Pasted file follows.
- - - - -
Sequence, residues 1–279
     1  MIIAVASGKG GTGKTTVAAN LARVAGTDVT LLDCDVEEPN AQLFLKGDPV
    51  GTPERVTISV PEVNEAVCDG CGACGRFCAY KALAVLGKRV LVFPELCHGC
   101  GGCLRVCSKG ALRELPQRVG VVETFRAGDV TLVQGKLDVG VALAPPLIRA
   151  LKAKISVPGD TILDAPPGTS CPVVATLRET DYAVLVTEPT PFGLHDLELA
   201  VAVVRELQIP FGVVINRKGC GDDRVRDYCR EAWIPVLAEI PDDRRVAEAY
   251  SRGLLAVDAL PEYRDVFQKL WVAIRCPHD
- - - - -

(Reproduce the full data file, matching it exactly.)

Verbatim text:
Sequence, residues 1–279
     1  MIIAVASGKG GTGKTTVAAN LARVAGTDVT LLDCDVEEPN AQLFLKGDPV
    51  GTPERVTISV PEVNEAVCDG CGACGRFCAY KALAVLGKRV LVFPELCHGC
   101  GGCLRVCSKG ALRELPQRVG VVETFRAGDV TLVQGKLDVG VALAPPLIRA
   151  LKAKISVPGD TILDAPPGTS CPVVATLRET DYAVLVTEPT PFGLHDLELA
   201  VAVVRELQIP FGVVINRKGC GDDRVRDYCR EAWIPVLAEI PDDRRVAEAY
   251  SRGLLAVDAL PEYRDVFQKL WVAIRCPHD